Since this blog assignment requires me to consider the ins and outs for video sharing and the implications for using video in our educational setting, I have decided to see how we might use videos to have our co-op students learn about ethics in business.  I started searching for YouTube videos that might suit our purpose and had no difficulty in finding some fine footage to consider.  Then I thought that I would just learn how to put videos on my blog but of course, it crossed my mind that “hey, these aren’t my creative work, let’s see what I need to consider before putting them on my blog.”  Wow, what a lot to consider!   I found a pertinent article by Jonathan Bailey from The Blog HeraldCopyright Risks in Embedding YouTube Clips.  Bailey notes  that the read/write web (aka web 2.0, visit Will Richarson’s video tab on his website, and check out his video’s on defining read/write web and learn why he prefers this terminology over web 2.0) brings about new challenges to copyright infringement and issues of fair use.  The article gives a list of precautions and some insights and suggests that “Even though the odds of actually being sued or threatened with a suit for embedding a YouTube clip are slim, it is still worthwhile to take a few simple precautions to make certain you don’t have problems down the road: 1. Don’t embed clearly infringing material, 2. Embed from official channels, 3. Stick to popular amateur clips, 4. Say something about it, 5. When in doubt, link don’t embed.”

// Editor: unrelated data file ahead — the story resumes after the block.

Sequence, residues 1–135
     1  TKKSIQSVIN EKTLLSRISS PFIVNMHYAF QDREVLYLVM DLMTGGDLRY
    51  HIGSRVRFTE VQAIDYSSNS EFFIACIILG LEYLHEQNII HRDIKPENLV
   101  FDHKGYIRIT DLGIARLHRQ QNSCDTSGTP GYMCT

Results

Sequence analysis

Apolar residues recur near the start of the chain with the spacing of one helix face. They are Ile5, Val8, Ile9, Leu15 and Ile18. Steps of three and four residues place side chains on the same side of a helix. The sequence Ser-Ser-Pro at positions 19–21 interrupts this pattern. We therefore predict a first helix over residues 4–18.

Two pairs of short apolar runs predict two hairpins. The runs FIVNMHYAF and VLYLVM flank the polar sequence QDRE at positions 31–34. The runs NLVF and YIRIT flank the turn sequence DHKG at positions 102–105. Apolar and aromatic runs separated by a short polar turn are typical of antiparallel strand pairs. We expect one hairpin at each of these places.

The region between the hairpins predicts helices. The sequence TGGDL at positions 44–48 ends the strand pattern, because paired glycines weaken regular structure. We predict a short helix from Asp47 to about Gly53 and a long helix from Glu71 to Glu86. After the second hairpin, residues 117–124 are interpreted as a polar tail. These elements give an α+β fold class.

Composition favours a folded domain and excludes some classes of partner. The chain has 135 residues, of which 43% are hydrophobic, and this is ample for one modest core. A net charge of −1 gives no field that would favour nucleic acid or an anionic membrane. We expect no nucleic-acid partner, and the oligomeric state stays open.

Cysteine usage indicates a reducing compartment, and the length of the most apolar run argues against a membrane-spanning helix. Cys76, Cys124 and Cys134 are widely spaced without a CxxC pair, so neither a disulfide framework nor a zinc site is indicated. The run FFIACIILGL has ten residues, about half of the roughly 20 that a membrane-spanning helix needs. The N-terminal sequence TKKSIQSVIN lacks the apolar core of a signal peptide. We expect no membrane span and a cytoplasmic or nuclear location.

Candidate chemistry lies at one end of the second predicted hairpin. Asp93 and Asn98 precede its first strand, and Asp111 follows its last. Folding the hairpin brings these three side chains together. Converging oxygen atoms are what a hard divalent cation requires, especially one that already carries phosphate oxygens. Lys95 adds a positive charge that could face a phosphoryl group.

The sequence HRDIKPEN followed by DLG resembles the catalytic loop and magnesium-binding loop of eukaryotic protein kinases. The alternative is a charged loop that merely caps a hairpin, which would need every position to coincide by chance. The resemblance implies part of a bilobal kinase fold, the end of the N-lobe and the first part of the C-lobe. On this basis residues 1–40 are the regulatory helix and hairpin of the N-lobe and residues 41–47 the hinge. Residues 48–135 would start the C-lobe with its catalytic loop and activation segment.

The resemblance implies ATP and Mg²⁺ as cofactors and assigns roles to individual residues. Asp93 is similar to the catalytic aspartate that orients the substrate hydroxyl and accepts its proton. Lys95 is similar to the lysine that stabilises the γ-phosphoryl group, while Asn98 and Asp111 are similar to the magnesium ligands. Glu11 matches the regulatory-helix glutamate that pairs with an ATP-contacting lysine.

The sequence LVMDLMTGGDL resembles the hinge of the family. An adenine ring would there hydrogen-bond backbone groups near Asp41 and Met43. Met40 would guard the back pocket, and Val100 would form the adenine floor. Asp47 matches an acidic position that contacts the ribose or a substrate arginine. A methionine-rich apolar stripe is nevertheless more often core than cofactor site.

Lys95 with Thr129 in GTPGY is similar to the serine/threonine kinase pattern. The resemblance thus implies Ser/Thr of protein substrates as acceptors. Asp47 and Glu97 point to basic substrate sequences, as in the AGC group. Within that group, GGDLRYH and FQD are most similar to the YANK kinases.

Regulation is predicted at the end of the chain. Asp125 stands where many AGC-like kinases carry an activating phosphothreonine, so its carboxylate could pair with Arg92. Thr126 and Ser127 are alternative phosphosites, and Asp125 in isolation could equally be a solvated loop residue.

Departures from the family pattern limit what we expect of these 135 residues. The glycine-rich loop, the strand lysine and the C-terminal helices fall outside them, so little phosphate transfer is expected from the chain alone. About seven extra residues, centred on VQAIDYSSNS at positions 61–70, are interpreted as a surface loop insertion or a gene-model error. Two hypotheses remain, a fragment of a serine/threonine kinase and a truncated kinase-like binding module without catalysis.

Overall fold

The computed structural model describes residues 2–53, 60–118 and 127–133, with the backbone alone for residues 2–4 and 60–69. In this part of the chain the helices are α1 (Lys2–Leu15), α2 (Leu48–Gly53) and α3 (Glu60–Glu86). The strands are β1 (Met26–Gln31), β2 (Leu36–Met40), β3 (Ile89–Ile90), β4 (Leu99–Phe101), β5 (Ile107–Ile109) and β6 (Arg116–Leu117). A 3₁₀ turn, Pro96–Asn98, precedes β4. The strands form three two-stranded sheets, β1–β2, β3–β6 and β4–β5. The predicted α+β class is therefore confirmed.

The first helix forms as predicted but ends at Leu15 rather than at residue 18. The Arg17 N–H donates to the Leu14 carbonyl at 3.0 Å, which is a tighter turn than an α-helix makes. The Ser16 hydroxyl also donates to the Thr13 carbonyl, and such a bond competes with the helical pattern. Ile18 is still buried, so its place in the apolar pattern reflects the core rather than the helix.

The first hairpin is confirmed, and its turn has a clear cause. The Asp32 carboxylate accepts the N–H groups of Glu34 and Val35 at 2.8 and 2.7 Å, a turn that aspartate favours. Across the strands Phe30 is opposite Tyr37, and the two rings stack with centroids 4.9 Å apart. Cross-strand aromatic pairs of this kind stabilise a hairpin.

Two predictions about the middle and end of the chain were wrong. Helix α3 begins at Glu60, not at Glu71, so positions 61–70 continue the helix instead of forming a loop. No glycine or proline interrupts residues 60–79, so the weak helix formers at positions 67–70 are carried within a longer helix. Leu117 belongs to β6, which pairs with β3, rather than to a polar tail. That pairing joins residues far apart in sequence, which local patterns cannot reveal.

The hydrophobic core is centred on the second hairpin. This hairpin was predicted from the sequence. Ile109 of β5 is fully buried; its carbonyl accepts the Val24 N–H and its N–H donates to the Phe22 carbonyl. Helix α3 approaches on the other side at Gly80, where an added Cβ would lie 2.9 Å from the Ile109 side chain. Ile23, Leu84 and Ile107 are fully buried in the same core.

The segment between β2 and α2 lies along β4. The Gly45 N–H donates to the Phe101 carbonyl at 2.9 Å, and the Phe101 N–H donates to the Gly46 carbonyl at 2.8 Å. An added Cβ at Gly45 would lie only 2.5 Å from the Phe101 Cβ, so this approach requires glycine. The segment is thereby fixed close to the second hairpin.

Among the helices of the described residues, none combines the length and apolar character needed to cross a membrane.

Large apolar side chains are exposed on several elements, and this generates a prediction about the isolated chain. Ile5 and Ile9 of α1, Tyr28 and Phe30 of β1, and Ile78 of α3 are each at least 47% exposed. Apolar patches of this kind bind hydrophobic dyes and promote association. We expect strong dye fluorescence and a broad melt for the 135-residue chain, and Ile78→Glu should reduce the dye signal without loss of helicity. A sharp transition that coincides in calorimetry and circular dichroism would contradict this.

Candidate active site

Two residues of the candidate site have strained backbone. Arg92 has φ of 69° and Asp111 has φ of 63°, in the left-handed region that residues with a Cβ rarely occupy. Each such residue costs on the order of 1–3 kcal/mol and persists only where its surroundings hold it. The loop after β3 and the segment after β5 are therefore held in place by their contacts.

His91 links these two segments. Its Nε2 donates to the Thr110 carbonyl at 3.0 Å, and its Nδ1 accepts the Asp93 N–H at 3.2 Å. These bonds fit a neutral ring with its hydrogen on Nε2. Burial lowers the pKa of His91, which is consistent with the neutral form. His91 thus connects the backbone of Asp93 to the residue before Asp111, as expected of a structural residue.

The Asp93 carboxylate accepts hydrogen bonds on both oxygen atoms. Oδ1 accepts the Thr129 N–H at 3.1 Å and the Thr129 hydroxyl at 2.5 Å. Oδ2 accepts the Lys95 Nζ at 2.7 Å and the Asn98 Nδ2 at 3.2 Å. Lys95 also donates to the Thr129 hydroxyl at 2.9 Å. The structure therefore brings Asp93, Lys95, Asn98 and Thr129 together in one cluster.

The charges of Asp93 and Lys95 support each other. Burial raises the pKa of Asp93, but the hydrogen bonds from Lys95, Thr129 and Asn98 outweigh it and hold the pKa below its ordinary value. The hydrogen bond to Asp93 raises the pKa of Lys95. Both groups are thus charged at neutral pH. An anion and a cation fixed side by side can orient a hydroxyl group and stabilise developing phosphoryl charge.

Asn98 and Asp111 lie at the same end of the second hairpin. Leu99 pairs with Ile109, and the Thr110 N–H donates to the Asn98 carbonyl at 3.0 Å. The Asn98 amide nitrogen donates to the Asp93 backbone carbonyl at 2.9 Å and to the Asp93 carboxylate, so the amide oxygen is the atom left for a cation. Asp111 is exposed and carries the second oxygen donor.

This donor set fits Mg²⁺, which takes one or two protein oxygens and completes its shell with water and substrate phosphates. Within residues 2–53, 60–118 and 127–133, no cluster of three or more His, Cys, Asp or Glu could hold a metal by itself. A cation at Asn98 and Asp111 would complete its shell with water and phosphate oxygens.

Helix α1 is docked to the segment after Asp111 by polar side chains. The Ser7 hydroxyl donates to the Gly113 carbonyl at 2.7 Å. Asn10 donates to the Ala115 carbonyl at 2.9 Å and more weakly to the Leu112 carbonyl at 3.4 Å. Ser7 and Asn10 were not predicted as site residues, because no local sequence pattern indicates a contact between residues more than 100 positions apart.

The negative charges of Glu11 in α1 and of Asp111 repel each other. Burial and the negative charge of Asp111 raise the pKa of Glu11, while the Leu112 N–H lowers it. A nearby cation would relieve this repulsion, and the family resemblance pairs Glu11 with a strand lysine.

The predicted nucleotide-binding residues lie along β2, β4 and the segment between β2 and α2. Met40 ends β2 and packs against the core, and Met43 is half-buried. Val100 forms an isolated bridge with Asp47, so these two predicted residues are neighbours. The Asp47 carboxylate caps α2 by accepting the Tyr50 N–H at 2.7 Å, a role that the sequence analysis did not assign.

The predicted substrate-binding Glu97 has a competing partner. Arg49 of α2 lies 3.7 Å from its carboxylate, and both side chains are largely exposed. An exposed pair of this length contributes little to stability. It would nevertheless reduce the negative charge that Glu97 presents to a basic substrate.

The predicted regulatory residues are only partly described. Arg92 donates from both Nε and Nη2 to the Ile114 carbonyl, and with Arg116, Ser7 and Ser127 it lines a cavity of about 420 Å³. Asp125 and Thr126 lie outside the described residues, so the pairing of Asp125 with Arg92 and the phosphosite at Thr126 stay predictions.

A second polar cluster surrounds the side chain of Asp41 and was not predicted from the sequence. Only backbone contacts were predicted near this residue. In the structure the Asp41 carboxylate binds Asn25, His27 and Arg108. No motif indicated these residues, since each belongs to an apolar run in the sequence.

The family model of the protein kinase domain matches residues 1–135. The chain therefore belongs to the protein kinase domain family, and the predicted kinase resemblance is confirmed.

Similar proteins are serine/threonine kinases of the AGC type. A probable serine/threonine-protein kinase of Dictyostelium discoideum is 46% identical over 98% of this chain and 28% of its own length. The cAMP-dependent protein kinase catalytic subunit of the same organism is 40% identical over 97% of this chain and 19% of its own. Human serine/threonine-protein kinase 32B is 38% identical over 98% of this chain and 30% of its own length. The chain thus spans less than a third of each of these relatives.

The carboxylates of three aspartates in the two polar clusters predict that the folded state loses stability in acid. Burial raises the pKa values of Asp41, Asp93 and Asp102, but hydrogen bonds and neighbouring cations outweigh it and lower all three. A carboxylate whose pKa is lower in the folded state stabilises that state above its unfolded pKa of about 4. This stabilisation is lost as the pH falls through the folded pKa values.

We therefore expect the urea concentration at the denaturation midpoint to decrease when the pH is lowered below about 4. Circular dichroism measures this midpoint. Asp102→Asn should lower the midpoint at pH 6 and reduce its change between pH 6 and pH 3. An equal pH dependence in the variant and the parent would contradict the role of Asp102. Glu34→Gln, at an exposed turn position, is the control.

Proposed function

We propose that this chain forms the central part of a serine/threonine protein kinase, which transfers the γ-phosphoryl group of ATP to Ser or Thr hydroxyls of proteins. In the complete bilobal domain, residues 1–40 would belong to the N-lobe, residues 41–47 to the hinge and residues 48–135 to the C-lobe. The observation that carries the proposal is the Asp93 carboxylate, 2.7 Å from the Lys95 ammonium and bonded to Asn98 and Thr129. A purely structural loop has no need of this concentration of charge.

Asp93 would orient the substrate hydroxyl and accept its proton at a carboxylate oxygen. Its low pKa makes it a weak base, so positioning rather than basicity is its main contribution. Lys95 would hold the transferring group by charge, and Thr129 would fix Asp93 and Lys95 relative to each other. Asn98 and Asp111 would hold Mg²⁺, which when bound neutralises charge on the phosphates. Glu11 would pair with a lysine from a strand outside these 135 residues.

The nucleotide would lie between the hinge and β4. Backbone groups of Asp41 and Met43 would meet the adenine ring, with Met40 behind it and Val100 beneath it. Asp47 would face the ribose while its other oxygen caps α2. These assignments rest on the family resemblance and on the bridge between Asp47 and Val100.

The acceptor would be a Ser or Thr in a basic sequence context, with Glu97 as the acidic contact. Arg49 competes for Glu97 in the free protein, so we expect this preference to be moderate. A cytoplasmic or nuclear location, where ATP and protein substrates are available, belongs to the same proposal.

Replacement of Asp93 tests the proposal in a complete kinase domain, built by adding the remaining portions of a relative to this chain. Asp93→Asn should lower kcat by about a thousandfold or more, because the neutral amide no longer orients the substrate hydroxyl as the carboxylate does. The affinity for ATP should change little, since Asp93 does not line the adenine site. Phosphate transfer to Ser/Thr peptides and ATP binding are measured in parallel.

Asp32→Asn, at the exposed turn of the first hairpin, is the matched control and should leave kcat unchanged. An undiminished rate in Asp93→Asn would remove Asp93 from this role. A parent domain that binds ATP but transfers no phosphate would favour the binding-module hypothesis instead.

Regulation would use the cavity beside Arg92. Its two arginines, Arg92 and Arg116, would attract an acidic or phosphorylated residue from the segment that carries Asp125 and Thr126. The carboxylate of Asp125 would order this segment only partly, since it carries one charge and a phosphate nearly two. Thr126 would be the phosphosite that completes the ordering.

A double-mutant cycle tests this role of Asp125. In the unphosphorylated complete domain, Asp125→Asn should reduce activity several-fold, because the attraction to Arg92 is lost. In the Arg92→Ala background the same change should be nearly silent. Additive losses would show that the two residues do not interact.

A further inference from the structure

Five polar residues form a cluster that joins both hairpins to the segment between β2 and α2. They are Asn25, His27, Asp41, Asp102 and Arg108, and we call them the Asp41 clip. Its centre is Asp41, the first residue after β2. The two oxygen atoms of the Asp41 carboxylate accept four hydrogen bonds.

I did find several videos from YouTube, www.youtube.com, that I am comfortable sharing here.  I am confident that they can be used as platforms for starting inspiring and educational discussions and can be used as conversation starters in our introductory seminars and workshops for students who are newly admitted into our Cooperative Education Program.  This Business Ethics video presents ethical dilemma’s that could occur in business. The YouTube description is that “This is a business ethics video Elizabethtown College SIFE created to teach high schoolers about business ethics in the workplace. It is a great tool for educators helping them provoke discuss about business ethics.”  As of today, the video has had almost 26,000 views and has been favorited 91 times (one of these is from me).  I was able to insert it by using the add video tool in the WordPress editor. The editor allows for users to either upload a video, if you have a saved video, or you can insert the URL of your chosen video if it is online.  The upload feature has the capability to upload these file types : jpg, jpeg, png, gif, pdf, doc, ppt, odt, pptx, docx.